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PostPosted: Sun Aug 28, 2016 6:17 pm 
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Is this good programming style?

Let's say I wanted to reuse a set of global variables in multiple functions, but I don't want to call them arg1, arg2, etc within the function.

Can I just use #define to give arg1 a fancy new name to use just for that function? Like...

#define X_velocity arg1

And then in another function use the same generic global variable with a different #define

#define frame_count arg1

Does that seem like a good idea? Assuming I'm not nesting these two functions together, and using the same global, or is this style just potentially error prone?

EDIT, and if you're wondering why I just don't use the C stack and/or local variables... they seem to be significantly slower than global variables.

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PostPosted: Sun Aug 28, 2016 6:34 pm 
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I think with a better compiler than CC65 it would be bad style, or in C++, but for this application I think it's probably good.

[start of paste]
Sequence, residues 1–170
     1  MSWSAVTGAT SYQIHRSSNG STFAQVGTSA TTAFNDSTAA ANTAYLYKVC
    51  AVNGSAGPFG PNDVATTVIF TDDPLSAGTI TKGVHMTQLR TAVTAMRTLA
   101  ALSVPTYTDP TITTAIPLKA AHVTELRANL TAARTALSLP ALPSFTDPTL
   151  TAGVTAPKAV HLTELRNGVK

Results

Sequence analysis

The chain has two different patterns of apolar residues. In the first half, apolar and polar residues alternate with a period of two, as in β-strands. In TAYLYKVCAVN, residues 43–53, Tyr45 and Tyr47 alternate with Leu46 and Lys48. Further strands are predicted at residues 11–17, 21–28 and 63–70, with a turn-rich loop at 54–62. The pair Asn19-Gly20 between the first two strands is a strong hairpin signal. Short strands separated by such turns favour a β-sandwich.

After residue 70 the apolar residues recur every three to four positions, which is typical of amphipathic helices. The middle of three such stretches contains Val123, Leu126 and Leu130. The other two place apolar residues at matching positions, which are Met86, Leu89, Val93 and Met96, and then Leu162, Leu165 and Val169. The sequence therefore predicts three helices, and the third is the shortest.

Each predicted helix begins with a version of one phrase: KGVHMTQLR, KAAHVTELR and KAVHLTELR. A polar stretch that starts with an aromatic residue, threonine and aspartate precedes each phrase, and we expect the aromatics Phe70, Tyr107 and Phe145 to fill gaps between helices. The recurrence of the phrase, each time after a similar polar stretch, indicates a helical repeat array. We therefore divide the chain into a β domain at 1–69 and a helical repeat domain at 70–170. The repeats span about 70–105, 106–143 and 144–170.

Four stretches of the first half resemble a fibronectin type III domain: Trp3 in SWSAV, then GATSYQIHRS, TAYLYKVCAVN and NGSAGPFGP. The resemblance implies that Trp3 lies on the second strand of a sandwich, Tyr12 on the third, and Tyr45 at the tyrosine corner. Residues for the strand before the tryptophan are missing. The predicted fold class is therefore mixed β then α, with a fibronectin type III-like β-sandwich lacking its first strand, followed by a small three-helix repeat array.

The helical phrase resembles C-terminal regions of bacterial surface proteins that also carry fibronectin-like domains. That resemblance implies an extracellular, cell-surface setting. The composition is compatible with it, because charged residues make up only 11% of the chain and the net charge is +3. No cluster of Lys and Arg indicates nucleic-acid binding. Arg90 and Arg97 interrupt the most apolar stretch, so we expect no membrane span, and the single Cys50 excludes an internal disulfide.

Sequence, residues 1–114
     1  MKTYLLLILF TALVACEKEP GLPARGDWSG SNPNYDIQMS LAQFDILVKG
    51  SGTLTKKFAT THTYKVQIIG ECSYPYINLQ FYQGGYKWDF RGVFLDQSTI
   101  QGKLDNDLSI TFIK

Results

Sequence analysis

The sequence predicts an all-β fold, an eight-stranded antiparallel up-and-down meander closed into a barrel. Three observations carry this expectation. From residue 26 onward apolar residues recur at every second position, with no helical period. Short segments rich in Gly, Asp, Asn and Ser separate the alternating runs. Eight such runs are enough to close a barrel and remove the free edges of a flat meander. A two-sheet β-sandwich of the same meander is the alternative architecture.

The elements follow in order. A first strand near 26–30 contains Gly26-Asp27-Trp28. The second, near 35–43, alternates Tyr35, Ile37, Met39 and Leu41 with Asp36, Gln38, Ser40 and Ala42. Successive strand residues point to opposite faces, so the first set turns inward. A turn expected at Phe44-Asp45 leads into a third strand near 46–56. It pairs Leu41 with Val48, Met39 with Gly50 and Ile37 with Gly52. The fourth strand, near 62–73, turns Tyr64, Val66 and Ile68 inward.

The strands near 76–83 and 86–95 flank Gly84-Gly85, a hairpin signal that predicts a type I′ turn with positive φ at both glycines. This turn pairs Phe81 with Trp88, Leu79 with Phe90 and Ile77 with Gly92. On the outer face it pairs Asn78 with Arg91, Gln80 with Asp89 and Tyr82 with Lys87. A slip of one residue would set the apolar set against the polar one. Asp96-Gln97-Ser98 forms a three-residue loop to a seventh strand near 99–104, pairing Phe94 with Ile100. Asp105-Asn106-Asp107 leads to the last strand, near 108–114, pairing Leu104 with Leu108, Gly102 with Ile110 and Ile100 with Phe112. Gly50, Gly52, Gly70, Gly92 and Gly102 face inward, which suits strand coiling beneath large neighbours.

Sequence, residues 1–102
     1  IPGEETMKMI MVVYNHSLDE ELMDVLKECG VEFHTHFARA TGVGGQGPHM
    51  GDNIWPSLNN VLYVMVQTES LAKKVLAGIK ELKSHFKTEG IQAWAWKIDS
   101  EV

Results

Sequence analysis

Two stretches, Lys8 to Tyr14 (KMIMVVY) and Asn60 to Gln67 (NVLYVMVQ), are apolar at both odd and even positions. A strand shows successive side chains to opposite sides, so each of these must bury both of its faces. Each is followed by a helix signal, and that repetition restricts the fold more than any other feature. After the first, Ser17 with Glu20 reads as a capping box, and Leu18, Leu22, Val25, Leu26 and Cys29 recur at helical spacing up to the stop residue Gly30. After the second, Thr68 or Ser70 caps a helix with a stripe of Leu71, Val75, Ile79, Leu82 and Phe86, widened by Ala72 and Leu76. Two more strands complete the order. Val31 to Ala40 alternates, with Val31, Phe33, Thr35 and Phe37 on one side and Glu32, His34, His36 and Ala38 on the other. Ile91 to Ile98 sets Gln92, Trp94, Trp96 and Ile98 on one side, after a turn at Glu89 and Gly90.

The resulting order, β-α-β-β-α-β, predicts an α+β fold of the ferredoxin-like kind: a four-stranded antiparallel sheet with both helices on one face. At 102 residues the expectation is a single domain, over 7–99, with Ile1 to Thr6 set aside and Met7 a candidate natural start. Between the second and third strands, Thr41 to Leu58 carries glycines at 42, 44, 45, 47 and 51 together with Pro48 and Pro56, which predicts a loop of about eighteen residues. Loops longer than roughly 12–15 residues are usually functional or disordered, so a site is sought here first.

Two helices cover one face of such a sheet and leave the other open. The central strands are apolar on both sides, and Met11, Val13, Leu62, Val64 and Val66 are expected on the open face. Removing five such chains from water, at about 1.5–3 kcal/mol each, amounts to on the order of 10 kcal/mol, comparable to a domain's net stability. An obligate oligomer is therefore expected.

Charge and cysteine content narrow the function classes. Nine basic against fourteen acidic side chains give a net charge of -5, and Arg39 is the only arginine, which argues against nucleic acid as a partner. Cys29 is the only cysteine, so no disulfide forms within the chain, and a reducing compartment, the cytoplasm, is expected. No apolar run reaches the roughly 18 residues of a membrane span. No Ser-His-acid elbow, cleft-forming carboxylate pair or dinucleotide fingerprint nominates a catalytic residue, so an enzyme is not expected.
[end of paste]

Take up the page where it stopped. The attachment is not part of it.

You can #undef at the end of scope to remove the alias too, so you don't have a bunch of extra defines lying around (and can reuse names later).

With an optimizing compiler I would just create a new variable inside the scope reading the argument (e.g. char X_velocity = arg1;), and usually the optimization pass ends up eliminating it, but in CC65 you don't have such a luxury, so you kind of do have to do it by hand.

C++ too added & types to create aliases by reference, which would also obviate the need for this kind of thing, but you don't get this in C, unfortunately.


Also maybe worth noting that you can indent a #define, and place them inside of functions if you like. They have no internal concept of scope, but you can still place them "visually" within a scope to help.
Code:
void boing()
{
   #define spring arg1
   
   if(spring)
      sproing();
   else
      sprocket();
   
   return;
   #undef spring
}


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PostPosted: Mon Aug 29, 2016 12:32 am 
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I think it's alright to do this.

In fact, I do this for my opponent variables. I have a struct that contains arrays of variables that are there for the opponents. There are some common variables, like X and Y. But there is also a bunch of variables that are just called value 1, value 2, value 3 etc.
For each opponent type, I redefine these variables with macros:
#define GoonCurrentWalkingSpeed Value1


But yes, it might also be error prone if you didn't know what you're doing. I.e. you need to be sure that functions are not nested among each other because otherwise, you might get a whole bunch of strange errors.

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